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I think I read somewhere that cpu's "do some floating point computations in 50 bits so that they can round down to 32 bits correctly". What I think this means is that the intermediate value computed in aforementioned floating point operation is computed in 50 bits so that "correct rounding to float size" can be achieved.

What does this statement mean? Is it true? If so, can you point me to some resources which explain why they need to compute 18 extra bits? Why not 19 or 17? Or is it just plain false?

Edit:- I found this link which is quite helpful and exhaustive...


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It is common on modern computers that computing in double-precision (1 sign bit, 11 exponent bit, 52 explicit significand bits) is as fast as computing in single-precision (1 sign bit, 8 exponent bits, 23 significand bits). Therefore, when you load float objects, calculate, and store float objects, the compiler may load the float values into double-precision registers, calculate in double-precision, and store single-precision results. This benefits you by providing extra precision at very little cost. Results may be more often “correctly rounded” (the result returned is the representable value nearest the mathematically exact result), but this is not guaranteed (because there are still rounding errors, which can interact in unexpected ways) or may often be more accurate (closer to the exact result than float calculations would provide) (but that is also not guaranteed), but, in rare cases, a double-precision calculation can return a result worse than single-precision calculation.

There are times when double-precision is more expensive than single-precision, notably when performing SIMD programming.

Commonly, high-level languages leave the compiler free to decide how to evaluate floating-point expressions, so a compiler may use single-precision or double-precision depending on the vendor’s choices (or quality of the compiler), optimization and target switches you have passed to the compiler, other aspects of the code being compiled (e.g., availability of machine registers to do the calculations in), and other factors that may be random for practical purposes. So this is not behavior you can rely on.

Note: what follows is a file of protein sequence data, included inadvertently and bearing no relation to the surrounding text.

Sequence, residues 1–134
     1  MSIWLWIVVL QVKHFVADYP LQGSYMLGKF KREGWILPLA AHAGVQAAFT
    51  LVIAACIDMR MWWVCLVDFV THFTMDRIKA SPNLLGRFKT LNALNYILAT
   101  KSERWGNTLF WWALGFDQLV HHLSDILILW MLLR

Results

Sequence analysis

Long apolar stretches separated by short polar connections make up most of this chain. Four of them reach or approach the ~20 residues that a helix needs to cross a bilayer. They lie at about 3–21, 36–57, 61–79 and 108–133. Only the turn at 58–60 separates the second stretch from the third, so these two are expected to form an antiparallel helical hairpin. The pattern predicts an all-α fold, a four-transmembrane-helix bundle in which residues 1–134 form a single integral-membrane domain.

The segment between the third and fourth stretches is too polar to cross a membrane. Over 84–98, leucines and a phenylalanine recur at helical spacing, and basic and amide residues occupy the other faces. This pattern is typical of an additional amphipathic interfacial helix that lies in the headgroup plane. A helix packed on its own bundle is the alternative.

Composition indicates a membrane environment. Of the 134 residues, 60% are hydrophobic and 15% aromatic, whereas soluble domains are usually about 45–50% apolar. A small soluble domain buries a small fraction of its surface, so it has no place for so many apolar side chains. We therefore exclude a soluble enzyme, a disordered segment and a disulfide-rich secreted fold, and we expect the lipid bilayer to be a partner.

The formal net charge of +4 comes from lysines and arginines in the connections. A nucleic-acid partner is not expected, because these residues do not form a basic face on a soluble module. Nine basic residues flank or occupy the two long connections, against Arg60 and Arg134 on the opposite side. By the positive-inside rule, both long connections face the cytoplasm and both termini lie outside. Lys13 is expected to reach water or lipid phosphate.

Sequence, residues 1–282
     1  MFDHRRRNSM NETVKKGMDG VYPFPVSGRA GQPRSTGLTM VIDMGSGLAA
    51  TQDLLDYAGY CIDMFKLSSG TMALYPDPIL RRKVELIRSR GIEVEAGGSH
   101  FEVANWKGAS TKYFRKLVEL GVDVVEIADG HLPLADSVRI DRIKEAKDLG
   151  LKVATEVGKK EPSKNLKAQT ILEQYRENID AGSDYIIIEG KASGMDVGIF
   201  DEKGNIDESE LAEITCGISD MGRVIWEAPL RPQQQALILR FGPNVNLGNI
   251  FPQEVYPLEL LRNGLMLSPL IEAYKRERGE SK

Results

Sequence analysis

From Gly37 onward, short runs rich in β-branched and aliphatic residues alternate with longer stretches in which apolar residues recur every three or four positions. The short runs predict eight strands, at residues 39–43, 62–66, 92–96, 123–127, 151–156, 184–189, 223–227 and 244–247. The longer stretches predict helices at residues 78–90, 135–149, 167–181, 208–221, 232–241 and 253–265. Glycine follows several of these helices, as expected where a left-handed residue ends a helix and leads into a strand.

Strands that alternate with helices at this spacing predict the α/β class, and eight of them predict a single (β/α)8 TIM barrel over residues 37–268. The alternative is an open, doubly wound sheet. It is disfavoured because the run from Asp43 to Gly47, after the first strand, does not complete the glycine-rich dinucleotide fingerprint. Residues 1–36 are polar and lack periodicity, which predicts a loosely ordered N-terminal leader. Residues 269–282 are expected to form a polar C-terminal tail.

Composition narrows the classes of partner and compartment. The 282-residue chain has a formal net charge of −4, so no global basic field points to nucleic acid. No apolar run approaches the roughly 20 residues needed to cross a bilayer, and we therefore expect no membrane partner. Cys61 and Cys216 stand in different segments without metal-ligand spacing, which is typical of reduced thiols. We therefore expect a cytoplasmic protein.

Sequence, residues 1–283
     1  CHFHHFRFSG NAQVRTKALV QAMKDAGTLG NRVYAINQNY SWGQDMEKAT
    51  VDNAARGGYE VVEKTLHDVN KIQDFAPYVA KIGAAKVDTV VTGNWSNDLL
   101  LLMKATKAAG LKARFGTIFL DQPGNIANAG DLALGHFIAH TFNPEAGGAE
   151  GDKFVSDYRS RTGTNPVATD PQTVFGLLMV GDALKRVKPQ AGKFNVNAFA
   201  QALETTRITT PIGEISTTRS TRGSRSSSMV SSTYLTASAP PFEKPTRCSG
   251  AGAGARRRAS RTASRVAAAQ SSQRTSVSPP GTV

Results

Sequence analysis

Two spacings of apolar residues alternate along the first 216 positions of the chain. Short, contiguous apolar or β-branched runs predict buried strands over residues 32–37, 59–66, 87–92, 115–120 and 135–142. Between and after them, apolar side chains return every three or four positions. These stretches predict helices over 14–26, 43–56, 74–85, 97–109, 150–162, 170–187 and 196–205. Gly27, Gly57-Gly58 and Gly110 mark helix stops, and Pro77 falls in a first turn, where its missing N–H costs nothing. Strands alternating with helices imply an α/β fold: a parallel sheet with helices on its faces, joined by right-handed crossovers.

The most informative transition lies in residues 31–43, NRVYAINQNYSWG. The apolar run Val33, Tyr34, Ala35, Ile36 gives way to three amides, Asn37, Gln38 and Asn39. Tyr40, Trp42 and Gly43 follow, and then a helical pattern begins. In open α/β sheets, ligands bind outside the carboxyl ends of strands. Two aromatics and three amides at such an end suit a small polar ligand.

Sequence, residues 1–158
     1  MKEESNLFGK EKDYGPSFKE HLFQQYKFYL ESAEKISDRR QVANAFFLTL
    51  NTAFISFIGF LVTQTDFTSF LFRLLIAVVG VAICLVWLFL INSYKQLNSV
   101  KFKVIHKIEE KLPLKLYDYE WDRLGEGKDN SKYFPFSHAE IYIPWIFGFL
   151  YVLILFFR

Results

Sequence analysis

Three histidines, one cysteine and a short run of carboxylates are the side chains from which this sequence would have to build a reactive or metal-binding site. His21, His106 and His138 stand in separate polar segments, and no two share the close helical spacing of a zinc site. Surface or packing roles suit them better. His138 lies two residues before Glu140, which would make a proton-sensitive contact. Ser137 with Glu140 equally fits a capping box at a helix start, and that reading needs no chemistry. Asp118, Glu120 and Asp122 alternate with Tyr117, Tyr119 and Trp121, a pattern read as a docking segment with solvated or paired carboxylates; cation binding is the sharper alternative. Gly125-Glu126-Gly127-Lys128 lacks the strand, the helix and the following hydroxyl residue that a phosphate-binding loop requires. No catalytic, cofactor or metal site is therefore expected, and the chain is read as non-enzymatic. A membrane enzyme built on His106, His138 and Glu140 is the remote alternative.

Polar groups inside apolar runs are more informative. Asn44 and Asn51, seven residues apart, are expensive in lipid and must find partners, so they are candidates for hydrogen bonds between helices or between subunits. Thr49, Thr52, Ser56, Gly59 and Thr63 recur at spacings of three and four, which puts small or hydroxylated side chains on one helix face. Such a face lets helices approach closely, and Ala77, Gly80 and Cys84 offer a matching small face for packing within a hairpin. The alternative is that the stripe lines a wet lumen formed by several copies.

Another meaning for what you heard might be that library routines for single-precision functions, such as sinf or logf, may be written in double-precision so that it is easier for them to get the desired results than if they had to be written entirely in single-precision. That is common. However, such library routines are carefully written by experts who analyze the errors that may occur during the calculations, so it is not simply a matter of assuming that more bits give better results.

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I can't guarantee it by any means, but I'd guess what you ran into was really 53 bits rather than 50. The reason they'd use 53 bits is because that's the next standard size of floating point type. In the IEEE 754 standard, the smallest type is 32 bits total. The next size up is 64 bits total, which has a 53-bit significand (aka mantissa). Since they already have hardware in place to deal specifically with that size, it's probably easiest (in most cases) to carry out the calculation at that size, and then round to the smaller size.

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Well this makes more sense. I guess it was about computing intermediate values in double precision although I'm still not sure why they do that. – owagh Jun 13 '12 at 18:49
Just having the hardware in place doesn't make sense since the compiler inserts cvtps2pd (and it's inverse) instructions at the start and end. – owagh Jun 13 '12 at 18:50
@owagh: Yes -- to do the computation in double precision, it has to convert to double precision, compute, convert back to single. The alternative, however, would be to convert (entirely in software) to some intermediate size, do the computation (slowly) in software, then convert from that size back to the original. The other thing it can do (and what it normally does with extended doubles) is have some "guard bits" that let it round to the correct value -- but this only requires around three extra bits or so. – Jerry Coffin Jun 13 '12 at 18:58
Or the third alternative might be to just do the calculations at the smaller size? I mean there are 32-bit float instructions that run faster than the 64-bit versions. So it still doesn't make sense... – owagh Jun 13 '12 at 19:01
I found this link which is quite helpful :-… – owagh Jun 13 '12 at 19:02

This has to do with epsilon values. For example take the classic 0.1 + 0.2 problem:

In most languages, 0.1 + 0.2 != 0.3. That is because while 0.1 and 0.2 are terminating decimals in base 10, in base 2, 0.1 looks like 0.0001100110011... and 0.2 looks like 0.001100110011... so that means when you add the two values together, you will get a repeating binary number that approaches 0.3 when you get infinite precision, similar to how 0.333333333... + 0.33333333.... approaches 2/3 as you get more and more precision.

In terms of why 18 extra bits vs 19 extra bits, that's a more complex discussion. See for more details.

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